The cool tools market


Peak time is nearly here for ice maker manufacturers, when during what usually only amounts to 2 weeks of British summer time, sales will soar.

But how are suppliers gearing up for the order influx? At Stoke-based Project Distribution, it triples its stock in the run up to summer, especially as European manufacturers tend to shut down for the whole of August. “When any of our dealers have an enquiry they need to know with confidence that the machine they are specifying is in stock for immediate despatch,” said Darren Mairs, national accounts manager.

The firm is now the sole UK supplier for Icematic branded machines, which feature innovations such as Agion antimicrobial treatment impregnation, designed to reduce microbial growth through the slow release of silver ions within the icemaker. All Icematic equipment is now fitted with electronics that are said to increase reliability and reduce breakdowns by removing mechanical components such as float switches. An additional benefit of this is claimed to be advanced diagnostics and user friendly features such as built in wash cycles.

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Furthermore, some of the brand’s appliances are now available with the R290 eco friendly refrigerant which has zero ozone depletion potential and low global warming potential.

Mairs thinks that there are many more ice maker manufacturers in the market today, compared to 10 years ago. “We believe this is good for the industry as it creates a competitive market and is a major driving force behind manufacturers constantly developing new innovations to make their machines stand out from the crowd,” he said.

Manufacturer Maidaid Halcyon believes that what differentiates its offering is the depth of stock held at its warehouse in Brackley, Northamptonshire. “We pride ourselves on rarely running out of stock of any model during the summer period,” said Julian Lambert, sales director. [[page-break]]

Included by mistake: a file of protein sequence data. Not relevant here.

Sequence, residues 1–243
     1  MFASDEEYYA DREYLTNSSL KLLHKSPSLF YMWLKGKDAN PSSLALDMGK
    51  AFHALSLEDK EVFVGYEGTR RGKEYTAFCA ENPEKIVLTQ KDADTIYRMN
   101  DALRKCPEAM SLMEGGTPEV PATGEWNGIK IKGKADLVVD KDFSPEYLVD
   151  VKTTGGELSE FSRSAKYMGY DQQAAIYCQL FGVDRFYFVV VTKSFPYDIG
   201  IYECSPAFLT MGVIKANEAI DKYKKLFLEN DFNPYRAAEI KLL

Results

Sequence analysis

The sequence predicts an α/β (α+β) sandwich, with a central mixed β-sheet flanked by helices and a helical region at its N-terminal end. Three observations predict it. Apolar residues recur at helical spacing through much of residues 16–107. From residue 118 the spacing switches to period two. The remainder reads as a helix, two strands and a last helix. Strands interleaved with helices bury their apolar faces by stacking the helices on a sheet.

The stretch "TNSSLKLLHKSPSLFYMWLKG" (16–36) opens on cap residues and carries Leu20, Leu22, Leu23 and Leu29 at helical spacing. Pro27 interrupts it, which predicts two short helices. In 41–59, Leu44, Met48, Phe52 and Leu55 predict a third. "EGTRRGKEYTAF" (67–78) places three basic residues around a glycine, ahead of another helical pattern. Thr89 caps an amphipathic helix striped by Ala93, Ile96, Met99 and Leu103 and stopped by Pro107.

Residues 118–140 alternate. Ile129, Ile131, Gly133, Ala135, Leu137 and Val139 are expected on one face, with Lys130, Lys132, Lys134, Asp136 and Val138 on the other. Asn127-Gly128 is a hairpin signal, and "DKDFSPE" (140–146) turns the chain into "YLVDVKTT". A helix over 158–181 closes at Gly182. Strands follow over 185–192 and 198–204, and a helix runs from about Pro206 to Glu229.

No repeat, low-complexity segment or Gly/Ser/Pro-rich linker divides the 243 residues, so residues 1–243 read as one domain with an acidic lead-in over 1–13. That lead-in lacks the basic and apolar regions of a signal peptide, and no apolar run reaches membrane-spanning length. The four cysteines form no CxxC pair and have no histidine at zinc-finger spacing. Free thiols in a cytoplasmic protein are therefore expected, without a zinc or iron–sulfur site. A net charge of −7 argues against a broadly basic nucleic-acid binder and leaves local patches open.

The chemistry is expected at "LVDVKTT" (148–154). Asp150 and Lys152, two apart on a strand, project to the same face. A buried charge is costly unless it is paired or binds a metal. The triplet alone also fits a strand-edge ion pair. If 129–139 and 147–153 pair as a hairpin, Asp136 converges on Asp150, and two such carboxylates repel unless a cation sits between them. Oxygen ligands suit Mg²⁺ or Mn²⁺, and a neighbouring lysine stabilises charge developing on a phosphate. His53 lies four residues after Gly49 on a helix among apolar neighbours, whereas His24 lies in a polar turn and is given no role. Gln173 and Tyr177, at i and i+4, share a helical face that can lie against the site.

Developed based on customer requests, Maidaid is introducing a new range of Slim modular ice machines that are 560mm wide. Lambert explained: “Space is always at a premium, whether it is for a new development or site refurbishment. In many inner city sites, older buildings have nonstandard door widths, meaning that installation engineers have to perform gymnastics and dismantling in order to install machines. Our complete view of the market also considers installation and service engineers’ requirements as this is such an important element in our efforts to satisfy customers.”

With the introduction of these new models, holding the correct stock will be even more of a challenge. “It’s this type of challenge we all enjoy, as satisfying our customers’ requirements keeps us all on our toes,” Lambert added.

The Slim machines can produce between 154 and 225kgs per day of cube ice. A first for Maidaid Halcyon is the introduction of a model in this range that uses R290 environmentally friendly hydrocarbon gases. “We are keeping our eyes on the future legislation regarding refrigerant gases and need to prepared,” said Lambert.

He believes competition is good for the market: “If you supply an honest product and offer comprehensive life support, you should be assured of success. We have always adopted this approach and are now enjoying our 41st year of supplying catering equipment.”

DC Products believes the market is not oversupplied, as ice machines have become more popular. “We at DC have seen particular growth in the cafe and coffee shop market where smoothies and iced teas and coffees are becoming the norm on menus,” said Bob Wood, director, DC Warewashing and Icemaking Systems. “Ice is being used more than ever before as chefs realise the potential that ice delivers in terms of product presentation and profit margins.”

The company has already seen an increase in enquiries and sales from distributors, well ahead of summer. As last year it extended its storage facilities from one to two units, due to its best ice maker sales year yet, the firm can store new stock in time for the peak period. [[page-break]]